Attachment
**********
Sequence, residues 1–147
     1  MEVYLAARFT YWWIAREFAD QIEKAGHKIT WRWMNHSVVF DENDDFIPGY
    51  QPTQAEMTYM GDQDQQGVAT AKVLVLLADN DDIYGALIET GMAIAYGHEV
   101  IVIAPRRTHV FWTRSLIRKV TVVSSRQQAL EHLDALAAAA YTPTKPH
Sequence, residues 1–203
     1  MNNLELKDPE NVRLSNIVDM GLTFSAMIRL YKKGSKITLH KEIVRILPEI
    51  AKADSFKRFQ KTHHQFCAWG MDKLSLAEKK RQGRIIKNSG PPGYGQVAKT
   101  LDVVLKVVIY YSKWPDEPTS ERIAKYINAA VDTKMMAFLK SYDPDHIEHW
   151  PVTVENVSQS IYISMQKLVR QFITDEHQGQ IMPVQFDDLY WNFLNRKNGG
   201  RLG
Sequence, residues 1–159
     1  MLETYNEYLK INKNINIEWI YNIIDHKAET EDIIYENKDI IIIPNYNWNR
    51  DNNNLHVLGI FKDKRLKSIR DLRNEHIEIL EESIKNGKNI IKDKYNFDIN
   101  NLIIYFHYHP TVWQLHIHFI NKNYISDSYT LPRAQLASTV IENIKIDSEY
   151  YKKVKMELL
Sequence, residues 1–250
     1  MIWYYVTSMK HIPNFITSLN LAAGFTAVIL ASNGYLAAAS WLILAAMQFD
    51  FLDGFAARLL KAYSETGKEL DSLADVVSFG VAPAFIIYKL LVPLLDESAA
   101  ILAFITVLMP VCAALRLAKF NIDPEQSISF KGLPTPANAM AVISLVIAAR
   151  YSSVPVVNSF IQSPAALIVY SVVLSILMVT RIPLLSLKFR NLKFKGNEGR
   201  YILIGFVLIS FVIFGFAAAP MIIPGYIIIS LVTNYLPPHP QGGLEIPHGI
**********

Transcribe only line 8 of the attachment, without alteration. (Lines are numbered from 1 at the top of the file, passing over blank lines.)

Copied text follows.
   101  LDVVLKVVIY YSKWPDEPTS ERIAKYINAA VDTKMMAFLK SYDPDHIEHW